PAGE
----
This work extends the mesh generation capability of NASA’s Cart3D flow simulation software package to permit cell-by-cell mesh enrichment. Cart3D allows users to perform automated Computational Fluid Dynamics (CFD) analysis on a complex geometry. It includes utilities for geometry import, surface modeling and intersection, mesh generation, flow simulation, and post-processing of results. Geometry enters into Cart3D in the form of surface triangulations that may be generated from within Computer-Aided Design (CAD) packages, from legacy surface triangulations, or from structured surface grids. Cart3D uses adaptively refined Cartesian grids to discretize the space surrounding geometry, and cuts the geometry out of the set of cut-cells that actually intersects the surface triangulation.
Mesh enrichment can be driven by error estimates, or by features detected within the solution. The adaptation module described in this work permits these error estimates either to be determined within the adaptation module or by other (external) codes. With this module, a user can begin a simulation by getting an approximate solution on a coarse initial mesh, and then incrementally improve the solution by locally refining the mesh at modest additional cost.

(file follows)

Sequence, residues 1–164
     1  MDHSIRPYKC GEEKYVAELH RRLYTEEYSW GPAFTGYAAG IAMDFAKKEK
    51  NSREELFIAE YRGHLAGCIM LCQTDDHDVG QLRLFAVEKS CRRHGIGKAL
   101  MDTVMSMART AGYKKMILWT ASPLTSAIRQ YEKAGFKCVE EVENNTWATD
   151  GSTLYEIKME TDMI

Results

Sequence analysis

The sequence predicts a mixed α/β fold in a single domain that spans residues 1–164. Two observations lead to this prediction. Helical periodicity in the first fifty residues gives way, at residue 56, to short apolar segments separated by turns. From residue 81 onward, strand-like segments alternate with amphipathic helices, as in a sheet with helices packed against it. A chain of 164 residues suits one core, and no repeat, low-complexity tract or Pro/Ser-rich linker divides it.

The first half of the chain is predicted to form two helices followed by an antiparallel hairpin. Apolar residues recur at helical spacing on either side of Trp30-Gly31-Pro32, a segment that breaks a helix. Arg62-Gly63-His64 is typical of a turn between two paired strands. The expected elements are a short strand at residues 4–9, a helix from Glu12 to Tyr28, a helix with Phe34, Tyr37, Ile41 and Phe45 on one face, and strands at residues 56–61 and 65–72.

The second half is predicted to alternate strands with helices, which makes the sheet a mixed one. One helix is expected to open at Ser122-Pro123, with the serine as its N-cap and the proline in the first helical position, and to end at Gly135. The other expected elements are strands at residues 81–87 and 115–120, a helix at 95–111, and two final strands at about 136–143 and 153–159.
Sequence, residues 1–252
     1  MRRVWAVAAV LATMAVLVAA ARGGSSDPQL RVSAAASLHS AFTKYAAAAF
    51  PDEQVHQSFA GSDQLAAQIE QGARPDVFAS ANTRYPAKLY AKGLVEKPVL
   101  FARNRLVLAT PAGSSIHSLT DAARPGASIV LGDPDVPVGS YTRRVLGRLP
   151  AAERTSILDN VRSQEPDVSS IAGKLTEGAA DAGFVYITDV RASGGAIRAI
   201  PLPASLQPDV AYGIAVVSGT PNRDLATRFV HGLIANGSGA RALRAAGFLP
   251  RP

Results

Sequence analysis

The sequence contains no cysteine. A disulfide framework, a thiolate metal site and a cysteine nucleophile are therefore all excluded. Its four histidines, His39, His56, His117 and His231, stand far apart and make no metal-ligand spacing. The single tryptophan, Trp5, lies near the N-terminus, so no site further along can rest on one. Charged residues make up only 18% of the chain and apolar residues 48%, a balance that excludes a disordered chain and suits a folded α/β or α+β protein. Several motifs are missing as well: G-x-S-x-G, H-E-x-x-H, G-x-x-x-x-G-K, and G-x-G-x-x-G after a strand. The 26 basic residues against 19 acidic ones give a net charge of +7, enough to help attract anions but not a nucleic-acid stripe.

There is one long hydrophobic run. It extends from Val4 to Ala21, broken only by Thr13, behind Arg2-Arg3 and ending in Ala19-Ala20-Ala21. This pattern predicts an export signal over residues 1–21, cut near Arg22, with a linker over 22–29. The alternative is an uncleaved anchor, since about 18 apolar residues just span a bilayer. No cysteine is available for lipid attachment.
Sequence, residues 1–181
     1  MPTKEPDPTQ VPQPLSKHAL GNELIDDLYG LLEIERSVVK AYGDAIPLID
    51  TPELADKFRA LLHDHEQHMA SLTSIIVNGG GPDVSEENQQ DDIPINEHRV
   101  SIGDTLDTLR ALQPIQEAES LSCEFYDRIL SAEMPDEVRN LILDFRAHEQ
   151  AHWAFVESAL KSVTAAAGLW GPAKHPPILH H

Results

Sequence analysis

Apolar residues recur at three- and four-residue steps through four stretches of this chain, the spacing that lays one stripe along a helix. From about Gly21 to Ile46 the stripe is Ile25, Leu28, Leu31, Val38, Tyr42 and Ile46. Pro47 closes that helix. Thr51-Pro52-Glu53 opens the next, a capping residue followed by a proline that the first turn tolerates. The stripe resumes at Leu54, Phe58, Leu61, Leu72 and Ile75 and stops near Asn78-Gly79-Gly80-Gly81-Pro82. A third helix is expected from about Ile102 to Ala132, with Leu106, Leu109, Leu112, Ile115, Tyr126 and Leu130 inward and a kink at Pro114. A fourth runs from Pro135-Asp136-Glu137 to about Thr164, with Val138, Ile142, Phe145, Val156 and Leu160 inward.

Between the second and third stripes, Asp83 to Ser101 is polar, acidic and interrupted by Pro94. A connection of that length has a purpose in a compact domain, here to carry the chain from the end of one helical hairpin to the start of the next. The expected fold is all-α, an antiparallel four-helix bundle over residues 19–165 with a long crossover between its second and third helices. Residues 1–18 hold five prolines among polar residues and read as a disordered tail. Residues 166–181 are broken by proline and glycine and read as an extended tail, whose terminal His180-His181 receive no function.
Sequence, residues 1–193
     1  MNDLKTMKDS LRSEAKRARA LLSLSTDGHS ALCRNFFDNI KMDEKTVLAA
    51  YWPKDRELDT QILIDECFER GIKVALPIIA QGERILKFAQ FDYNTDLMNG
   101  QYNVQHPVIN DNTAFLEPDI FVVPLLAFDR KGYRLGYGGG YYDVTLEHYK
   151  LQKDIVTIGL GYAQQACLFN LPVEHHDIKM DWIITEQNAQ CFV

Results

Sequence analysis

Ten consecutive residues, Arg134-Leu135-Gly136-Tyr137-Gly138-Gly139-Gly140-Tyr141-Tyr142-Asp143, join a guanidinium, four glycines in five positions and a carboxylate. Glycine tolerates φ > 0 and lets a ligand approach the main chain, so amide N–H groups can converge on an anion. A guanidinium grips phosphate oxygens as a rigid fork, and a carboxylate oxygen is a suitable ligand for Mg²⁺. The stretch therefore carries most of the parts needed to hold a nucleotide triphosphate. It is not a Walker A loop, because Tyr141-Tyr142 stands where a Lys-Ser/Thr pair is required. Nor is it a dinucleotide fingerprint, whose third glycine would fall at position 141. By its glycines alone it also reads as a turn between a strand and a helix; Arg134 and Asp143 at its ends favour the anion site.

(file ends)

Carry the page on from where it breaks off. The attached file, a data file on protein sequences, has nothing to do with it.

This technique permits local refinement (enrichment) of Cartesian meshes used for discretizing three-dimensional space. Such meshes are used in finite-difference, finite-volume, and finite-element techniques of solving partial differential equations, visualization, mapping, and computer animation. Local enrichment of such meshes permits increased local resolution at a cost/complexity increase proportional to the number of new cells added. Mesh refinement can be triggered by internally or externally determined solution features or error maps. The output of this technique/software is a Cartesian mesh with cut-cells at the boundary where the mesh domain overlaps the input geometry.
This technique properly accounts for the subdivision of cells that are divided into multiple disconnected regions by intervening geometry or boundaries (“split-cells”). The technique is exceptionally robust and amenable to automation. The technique is based on a binary (2:1) subdivision operator that can then be recursively called in multiple spatial directions. Cells tagged for subdivision are filtered to encourage mesh smoothness (island/void detection, interface cleanup, etc.).